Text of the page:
A crisis pregnancy center in Silver Spring has become the second group in Maryland to sue a Washington-area government over laws that pro-lifers say are part of a national campaign to snuff out anti-abortion speech.
Centro Tepeyac Women's Center, a 20-year-old Catholic agency on Apple Avenue, sued Montgomery County last week at U.S. District Court in Greenbelt over a Feb. 2 vote by the County Council that created a law requiring crisis pregnancy centers to post certain signs in English and Spanish.
The signs must say that a licensed medical professional is not on staff there and that the county health department advises seeking a licensed health care provider. Failure to post a sign results in a fine of at least $500.
Centro Tepeyac v. Montgomery County is similar to a lawsuit filed by the Archdiocese of Baltimore against the city of Baltimore in March after the city required its crisis pregnancy centers to post signs saying they don't offer abortions.
"No other business is required to do this," said Thomas Schetelich, chairman of the board of the Greater Baltimore Center for Pregnancy Concerns crisis pregnancy center. "I am a lawyer. I don't put on my wall what services I do not provide."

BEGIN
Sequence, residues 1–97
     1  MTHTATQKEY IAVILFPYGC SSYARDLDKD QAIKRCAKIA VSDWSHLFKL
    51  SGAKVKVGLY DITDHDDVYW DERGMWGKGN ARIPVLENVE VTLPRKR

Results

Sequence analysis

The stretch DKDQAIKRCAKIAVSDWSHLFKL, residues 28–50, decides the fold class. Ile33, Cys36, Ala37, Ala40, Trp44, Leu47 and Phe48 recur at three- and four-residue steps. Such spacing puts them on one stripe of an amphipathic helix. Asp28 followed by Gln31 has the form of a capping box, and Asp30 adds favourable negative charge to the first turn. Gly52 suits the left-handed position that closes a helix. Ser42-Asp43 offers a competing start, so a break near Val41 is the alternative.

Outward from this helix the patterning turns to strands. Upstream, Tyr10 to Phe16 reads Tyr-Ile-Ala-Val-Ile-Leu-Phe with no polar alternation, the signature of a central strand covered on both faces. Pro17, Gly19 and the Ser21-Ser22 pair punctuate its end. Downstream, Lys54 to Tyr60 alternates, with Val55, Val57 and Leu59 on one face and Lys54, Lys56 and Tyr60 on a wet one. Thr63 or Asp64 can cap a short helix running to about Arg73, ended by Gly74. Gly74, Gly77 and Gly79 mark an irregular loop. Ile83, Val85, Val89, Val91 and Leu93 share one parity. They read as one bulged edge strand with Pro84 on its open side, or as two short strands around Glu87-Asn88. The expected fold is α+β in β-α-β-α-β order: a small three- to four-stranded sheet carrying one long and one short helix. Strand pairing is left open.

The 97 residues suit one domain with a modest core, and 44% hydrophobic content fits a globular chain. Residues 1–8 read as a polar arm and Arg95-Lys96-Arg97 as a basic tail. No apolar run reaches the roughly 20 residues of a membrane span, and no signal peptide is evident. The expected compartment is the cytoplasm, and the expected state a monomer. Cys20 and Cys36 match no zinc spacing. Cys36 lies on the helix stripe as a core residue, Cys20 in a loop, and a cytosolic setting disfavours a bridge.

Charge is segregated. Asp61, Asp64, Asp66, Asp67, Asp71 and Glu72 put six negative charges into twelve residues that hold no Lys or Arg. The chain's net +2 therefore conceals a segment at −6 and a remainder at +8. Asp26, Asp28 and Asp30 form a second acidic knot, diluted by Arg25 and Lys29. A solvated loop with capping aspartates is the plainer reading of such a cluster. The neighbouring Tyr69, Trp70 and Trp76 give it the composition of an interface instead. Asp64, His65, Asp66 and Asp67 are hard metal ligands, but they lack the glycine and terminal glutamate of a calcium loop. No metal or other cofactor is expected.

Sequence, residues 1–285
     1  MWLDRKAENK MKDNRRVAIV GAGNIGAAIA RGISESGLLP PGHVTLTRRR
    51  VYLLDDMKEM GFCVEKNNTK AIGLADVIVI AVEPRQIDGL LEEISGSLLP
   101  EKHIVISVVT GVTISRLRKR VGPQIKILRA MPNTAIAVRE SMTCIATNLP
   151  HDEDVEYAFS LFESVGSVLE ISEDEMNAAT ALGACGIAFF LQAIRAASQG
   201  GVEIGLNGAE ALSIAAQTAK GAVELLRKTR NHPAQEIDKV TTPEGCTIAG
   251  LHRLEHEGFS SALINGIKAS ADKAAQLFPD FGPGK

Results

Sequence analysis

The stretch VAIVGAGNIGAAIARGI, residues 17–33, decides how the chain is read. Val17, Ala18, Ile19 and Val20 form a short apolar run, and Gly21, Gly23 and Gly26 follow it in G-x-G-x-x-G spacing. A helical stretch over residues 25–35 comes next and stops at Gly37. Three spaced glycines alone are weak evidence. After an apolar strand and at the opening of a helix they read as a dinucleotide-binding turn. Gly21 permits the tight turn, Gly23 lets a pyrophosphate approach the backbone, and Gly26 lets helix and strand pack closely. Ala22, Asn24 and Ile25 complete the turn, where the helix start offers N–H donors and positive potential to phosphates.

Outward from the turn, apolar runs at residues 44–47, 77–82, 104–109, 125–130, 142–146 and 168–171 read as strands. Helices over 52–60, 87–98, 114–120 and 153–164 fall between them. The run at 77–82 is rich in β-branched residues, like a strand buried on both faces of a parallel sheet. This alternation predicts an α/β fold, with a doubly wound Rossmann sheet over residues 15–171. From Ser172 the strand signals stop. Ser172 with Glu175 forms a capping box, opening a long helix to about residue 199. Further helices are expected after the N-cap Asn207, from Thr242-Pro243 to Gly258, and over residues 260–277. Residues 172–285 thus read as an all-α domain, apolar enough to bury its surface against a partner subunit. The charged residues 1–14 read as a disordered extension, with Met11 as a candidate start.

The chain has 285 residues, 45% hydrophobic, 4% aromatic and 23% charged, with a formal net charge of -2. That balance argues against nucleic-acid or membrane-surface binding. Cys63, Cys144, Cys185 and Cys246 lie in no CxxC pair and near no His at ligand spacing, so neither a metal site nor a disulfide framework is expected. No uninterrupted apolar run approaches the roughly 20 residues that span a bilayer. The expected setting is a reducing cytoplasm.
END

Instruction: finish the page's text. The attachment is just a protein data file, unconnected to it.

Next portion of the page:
Both lawsuits say Planned Parenthood and other facilities that provide abortions are not required to post similar notification when women visit and don't receive medical services.
"The government cannot create special speech rules just because people want to talk about pregnancy choices," said Mark Rienzi, lead counsel for Centro Tepeyac and a law professor at Catholic University of America's Columbus School of Law. "And it certainly cannot target pro-life speakers for special sign requirements and fines while leaving speech by abortion clinics entirely unregulated. This new regulation violates every core principle of free speech law."
According to the lawsuit, the county regulation is vaguely worded to the extent that — aside from the four crisis pregnancy centers in Montgomery County — it could be applied to maternity stores, sidewalk counselors or anyone in a church who talks with women about "pregnancy-related services."
County counsel Mike Faden said he had not a chance to view the case but, "We are confident the law the council passed is constitutional."
As part of its exhibit, the lawsuit has included testimony from volunteers at the Silver Spring-based NARAL Pro-Choice Maryland urging County Council members to pass legislation against local crisis pregnancy centers. In 2007 and 2008, the organization sent teams of investigators to 11 crisis pregnancy centers in four counties and the city of Baltimore.
"Every CPC visited provided misleading, or in some cases completely false, information," said the eight-page report, posted on the organization's website.
The Alliance Defense Fund, which is part of the legal team involved in the Montgomery County lawsuit, said NARAL's investigations are part of a nationwide strategy by pro-choice groups to force crisis pregnancy centers nationwide to post signs so that women intending to get abortions will not unwittingly enter.
"The CPCs are taking away their clients," spokesman Matt Bowman said.